Academic journal article Journal of College Counseling

Ethnic Identity and Acculturative Stress as Mediators of Depression in Students of Asian Descent

Academic journal article Journal of College Counseling

Ethnic Identity and Acculturative Stress as Mediators of Depression in Students of Asian Descent

Article excerpt

This study underscored the importance of addressing the well-being of college students of Asian descent, because these students had higher rates of depression and lower positive feelings about their ethnic group compared with students of European descent, as measured by the Affirmation subscale of the Ethnic Identity Scale. Affirmation mediated the depression difference between these groups. Within the Asian group, affirmation and depression were inversely correlated, and this relationship was mediated by acculturative stress.

Keywords: depression, ethnic identity, acculturative stress, students of Asian descent


College can be a challenging time, and college students may experience stress as a result of academic pressure, relationships, family expectations, financial pressure, and identity development (Crocker & Luhtanen, 2003; Kadison & DiGeronimo, 2004; McCarthy, Fouladi, Juncker, & Matheny, 2006). Researchers have found that ethnic minority students in a college setting often experience more stress than do White students (Hwang & Ting, 2008; Wei et al., 2010). There are many possible reasons for this finding. Ethnic minority students often find themselves in predominantly White classrooms and social contexts, maybe for the first time in their lives (Alvarez, Blume, Cervantes, & Thomas, 2009; Hwang & Ting, 2008). Additional challenges include being the first of their family to attend higher education (Lippincott & German, 2007) and cultural conflicts stemming from increased familial and cultural obligations (Thomas & Schwarzbaum, 2006; Thomason, 1999). Furthermore, ethnic minority students may be more likely to come from a culture that emphasizes respect for authority figures, which can lead to a reduced likelihood of these students speaking in class and to their professors viewing them as disengaged (McGregor, 2006).

One ethnic group that has received relatively little research attention is students of Asian descent. The reality of educational and economic inequality has been minimized for Asian individuals in the United States (Ancheta, 1998), perhaps because Asians are often perceived as attaining economic and academic success in the United States and viewed as a model minority (Wong & Halgin, 2006). The possible effects on Asians of difficulties due to ethnic minority status, cultural stereotypes, or racism have not received a great deal of attention. It is particularly important that we understand the impact of these challenges on Asian students during the college years, because this is an intense period of development, change, and challenge in many young adults' lives.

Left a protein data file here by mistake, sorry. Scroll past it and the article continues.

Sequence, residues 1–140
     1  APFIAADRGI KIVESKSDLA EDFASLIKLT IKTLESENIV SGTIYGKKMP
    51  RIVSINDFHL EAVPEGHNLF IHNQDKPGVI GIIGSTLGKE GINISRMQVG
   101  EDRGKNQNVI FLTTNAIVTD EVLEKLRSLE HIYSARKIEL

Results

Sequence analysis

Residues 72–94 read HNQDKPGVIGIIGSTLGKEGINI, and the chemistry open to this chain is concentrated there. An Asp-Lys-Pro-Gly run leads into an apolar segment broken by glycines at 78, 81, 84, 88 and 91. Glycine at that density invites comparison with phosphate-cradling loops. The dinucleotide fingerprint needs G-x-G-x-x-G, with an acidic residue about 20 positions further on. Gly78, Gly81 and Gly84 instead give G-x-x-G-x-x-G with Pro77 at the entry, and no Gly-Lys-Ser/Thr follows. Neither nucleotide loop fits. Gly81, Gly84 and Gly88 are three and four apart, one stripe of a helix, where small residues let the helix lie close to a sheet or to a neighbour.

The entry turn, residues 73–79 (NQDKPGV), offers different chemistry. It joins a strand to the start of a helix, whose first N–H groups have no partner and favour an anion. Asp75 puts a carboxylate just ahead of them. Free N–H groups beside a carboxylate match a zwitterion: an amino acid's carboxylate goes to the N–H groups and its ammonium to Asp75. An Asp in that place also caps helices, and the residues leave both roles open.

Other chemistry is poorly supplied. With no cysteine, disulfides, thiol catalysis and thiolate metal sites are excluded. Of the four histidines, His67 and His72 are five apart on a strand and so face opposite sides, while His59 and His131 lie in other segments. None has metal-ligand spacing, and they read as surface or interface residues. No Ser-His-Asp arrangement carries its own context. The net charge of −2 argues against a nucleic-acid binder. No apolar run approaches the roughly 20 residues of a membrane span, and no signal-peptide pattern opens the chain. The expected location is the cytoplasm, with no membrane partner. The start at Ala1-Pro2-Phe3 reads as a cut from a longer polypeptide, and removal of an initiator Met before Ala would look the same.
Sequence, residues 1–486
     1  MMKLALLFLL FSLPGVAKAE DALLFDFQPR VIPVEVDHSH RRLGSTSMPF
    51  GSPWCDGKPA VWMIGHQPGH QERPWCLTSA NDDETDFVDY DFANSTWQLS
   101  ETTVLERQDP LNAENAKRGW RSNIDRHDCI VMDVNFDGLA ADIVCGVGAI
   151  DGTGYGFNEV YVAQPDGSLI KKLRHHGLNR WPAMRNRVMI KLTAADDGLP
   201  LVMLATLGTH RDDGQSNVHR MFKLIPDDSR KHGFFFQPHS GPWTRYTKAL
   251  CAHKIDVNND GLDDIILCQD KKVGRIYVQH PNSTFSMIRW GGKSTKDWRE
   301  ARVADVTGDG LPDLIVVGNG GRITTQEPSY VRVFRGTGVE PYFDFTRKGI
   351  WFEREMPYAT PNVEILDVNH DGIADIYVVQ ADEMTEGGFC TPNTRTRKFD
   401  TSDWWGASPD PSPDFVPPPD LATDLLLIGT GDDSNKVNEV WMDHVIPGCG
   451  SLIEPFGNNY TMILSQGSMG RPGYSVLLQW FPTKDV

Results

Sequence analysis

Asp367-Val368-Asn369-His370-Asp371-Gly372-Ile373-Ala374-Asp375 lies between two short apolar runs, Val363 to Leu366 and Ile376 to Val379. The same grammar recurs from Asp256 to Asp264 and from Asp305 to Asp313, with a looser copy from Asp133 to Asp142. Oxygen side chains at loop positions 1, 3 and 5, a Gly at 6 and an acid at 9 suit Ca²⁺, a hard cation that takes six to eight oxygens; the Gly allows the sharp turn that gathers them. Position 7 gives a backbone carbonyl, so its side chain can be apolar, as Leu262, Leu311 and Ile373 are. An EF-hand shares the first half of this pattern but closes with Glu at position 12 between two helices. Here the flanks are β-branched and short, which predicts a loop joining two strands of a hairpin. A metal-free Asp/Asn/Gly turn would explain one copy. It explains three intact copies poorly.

Rates of depression among U.S. college students of Asian descent have been found to be equal to or greater than the rates of depression among U.S. college students of European descent (Castro & Rice, 2003; C. B. Gee, 2004; Ying, 1988; Young, Fang, & Zisook, 2010). In multiple studies, adolescents and college students of Asian descent have reported more mental health problems, such as depression, than their counterparts of European descent (Castro & Rice, 2003; C. B. Gee, 2004; Okazaki, 1997; Schoen et al., 1997; Siegel, Aneshensel, Taub, Cantwell, & Driscoll, 1998; Yoon & Lau, 2008, Young et al., 2010). Additionally, a study by Kearney, Draper, and Baron (2005) found that among a nationwide sample of college students seeking counseling, those of Asian descent reported the highest levels of psychological distress among all racial/ethnic groups. Researchers have found that one factor that can be related to ethnic minority college students experiencing higher levels of positive adjustment and well-being in the face of challenges such as those described here is their ability to successfully negotiate their ethnic identity (Phinney & Alipuria, 1990; Umana-Taylor Shin, 2007; Umana-Taylor & Updegraff, 2007). Phinney (1996, 2003) defined ethnic identity as a multidimensional construct that involves an individual's sense of self as it relates to being a member of an ethnic group. …

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